Just days after Trump dumped the climate agreement, U.S. airlines and their lobby, Airlines for America (A4A), are telling us that they really care about CO2, climate change, and the impacts of their industry. We are to believe that a business model that sells time-savings by massively consuming fossil fuels can be environmentally responsible. The centerpiece of their ICAO-sourced plan is not to reduce consumption but to have passengers and shippers pay a fee that offsets aviation impacts with small environmental investments. Kinda like this: imagine that you and I have a company and we’ll be allowed to infinitely pollute the ocean, so long as we build a nice filtration system to clean a pond in West Podunk. If eyes were pointed at that pond, we’d look like heroes; but, when people see the full picture, we look like worthless scoundrels.

Oh, and this is an industry (and lobbyist) that crows everyday about one statistic or another showing continued market growth. So, really, how are they going to see any meaningful reduction in fossil fuel consumption, going forward? Also, this ‘we care about the environment’ spin was announced from Cancun, where industry officials had gathered from around the world. Let that sink in.

UPDATE, 6/8/2017: — To discourage excessive fossil fuel consumption for air cargo, business travel, and aviation tourism, the logical next step is to simply impose a steep carbon tax on all aviation fuels (and arguably, on the marine sector, too, thus covering ship tourism and marine cargo). Here’s a good analysis about the value of an aviation carbon tax, by two law professors in Western Australia: Airline emissions and the case for a carbon tax on flight tickets. Read the interesting reader comments, too.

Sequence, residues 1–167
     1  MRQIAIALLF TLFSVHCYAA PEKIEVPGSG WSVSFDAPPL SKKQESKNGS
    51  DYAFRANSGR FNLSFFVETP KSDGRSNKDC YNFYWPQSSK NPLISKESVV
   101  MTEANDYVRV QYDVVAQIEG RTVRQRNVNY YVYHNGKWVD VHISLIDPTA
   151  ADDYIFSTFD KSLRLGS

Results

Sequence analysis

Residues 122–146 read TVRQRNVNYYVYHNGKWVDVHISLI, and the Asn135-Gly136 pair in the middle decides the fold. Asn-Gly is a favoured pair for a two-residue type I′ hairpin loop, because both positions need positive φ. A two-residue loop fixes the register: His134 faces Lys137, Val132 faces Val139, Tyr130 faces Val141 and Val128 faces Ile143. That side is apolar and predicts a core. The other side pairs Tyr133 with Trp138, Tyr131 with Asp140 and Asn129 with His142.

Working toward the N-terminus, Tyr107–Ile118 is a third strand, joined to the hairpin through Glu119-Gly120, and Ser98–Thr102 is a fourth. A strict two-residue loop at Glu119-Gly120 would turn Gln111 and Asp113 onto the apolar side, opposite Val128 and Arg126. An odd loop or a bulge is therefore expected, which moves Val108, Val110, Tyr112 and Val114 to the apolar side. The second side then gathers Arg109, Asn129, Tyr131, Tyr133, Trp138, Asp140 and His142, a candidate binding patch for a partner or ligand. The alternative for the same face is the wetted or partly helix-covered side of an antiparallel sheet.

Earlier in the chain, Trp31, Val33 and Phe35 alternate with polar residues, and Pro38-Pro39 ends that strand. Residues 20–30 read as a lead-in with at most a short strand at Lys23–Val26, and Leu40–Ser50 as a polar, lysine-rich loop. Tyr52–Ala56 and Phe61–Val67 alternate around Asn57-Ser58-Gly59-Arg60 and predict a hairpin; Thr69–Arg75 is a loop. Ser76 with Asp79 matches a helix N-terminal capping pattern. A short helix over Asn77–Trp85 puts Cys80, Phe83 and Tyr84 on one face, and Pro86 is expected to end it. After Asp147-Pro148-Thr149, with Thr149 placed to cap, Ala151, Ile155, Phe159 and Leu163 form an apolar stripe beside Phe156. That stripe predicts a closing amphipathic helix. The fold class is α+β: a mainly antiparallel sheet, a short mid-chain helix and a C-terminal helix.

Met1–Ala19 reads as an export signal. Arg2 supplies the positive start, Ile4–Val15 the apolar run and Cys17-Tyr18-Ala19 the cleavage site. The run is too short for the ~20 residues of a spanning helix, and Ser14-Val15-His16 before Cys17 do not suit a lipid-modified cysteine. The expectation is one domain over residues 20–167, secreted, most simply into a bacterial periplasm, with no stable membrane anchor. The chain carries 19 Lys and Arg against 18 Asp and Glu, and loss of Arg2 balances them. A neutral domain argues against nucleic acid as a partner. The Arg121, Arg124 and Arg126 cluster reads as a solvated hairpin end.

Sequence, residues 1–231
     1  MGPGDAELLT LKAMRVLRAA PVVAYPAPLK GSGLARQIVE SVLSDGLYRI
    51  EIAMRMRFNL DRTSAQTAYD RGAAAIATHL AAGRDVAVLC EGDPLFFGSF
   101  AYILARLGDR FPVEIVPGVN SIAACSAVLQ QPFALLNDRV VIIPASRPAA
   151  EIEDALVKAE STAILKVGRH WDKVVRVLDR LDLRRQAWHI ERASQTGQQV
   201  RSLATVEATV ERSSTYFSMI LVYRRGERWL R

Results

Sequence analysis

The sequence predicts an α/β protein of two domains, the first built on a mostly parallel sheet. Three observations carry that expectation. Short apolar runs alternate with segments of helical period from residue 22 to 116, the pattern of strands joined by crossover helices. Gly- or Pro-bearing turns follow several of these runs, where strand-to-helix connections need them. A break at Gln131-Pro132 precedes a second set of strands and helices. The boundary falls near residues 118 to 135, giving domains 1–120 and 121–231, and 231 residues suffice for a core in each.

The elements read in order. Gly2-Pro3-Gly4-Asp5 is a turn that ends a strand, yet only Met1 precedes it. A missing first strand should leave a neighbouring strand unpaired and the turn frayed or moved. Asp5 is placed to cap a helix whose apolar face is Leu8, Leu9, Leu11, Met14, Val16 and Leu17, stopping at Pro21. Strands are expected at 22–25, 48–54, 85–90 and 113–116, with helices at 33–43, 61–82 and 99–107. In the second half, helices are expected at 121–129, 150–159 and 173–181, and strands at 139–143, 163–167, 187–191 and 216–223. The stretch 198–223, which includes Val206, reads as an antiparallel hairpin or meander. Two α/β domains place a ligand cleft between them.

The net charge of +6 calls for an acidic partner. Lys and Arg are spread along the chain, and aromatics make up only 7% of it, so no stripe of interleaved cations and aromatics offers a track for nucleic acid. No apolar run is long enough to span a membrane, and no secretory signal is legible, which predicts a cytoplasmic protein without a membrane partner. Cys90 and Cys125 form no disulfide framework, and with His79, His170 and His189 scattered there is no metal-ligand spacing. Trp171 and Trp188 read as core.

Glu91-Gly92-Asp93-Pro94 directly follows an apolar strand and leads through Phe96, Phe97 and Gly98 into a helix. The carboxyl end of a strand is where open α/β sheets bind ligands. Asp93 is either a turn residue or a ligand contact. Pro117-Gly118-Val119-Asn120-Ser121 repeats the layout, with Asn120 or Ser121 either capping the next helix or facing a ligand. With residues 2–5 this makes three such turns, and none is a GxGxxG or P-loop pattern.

FAA Forms Workgroups to solve their ‘People Problems’

FAA has a problem, and like any over-matured and sclerotic agency, they have their solutions. Not clean solutions that actually FIX THE PROBLEM, but dirty solutions to serve the agency/industry interests while disempowering people.

FAA’s failing NextGen implementations are destroying long-established residential communities across the nation. People are standing up, speaking louder and louder, and connecting and organizing. So, how does FAA propose to deal with this problem?

Form workgroups.

Just to be clear, the ‘problem’ FAA wants to ‘deal with’ is not the NextGen failures but the PEOPLE who are organizing. If their message gains traction, the People might actually get a few in Congress off their butts, demanding (and I mean REALLY DEMANDING!) that FAA fix this mess. The right steps are obvious:

  • demand Huerta step down (he has disserved the larger Public under two administrations, and is clearly just an industry hack);
  • revert the problematic NextGen implementations to pre-NextGen routes;
  • legislate a robust local democratic voice so that local citizens are able to decide what curfews and operational restrictions are needed to best serve their local community (i.e., the airport should be THEIR LOCAL AIRPORT, not a fortress for a major airline);
  • legislate reforms that disincentivize hubbing, so the airlines will instead offer more direct routes and a better/fairer distribution of airport impacts, equitably using hundreds and thousands of under-utilized airports instead of just a dozen evolving superHubs.

Why does FAA like to form workgroups? Simply because they are ‘manageable’. Each workgroup first creates an illusion of citizen involvement. But, the membership consistently includes industry ‘stakeholders’, who dutifully steer the work process – and infuse delays when the work product is going in the wrong direction. Plus, even the most ardent and effective aviation impact activists are human, thus susceptible to feeling a lot more accepting of the impacts because they are now an elite citizen representative.

Here’s an example of a new workgroup related to Baltimore [KBWI]. They appear to be very well focused on fixing the problems, but are running into an intransigent FAA. The Facebook group, Save Milton Skies, shared a link to this article, which is archived below. Rebuttal comments have been added by aiREFORM. It is a good article, overall, though it again demonstrates how FAA’s salespitch elements are readily incorporated into the final news article.

Click on the image below for a scrollable view; the PDF file may be downloaded.

See also:

Queens Quiet Skies: Latest Newsletter Offers Great Insight into FAA’s NextGen Failures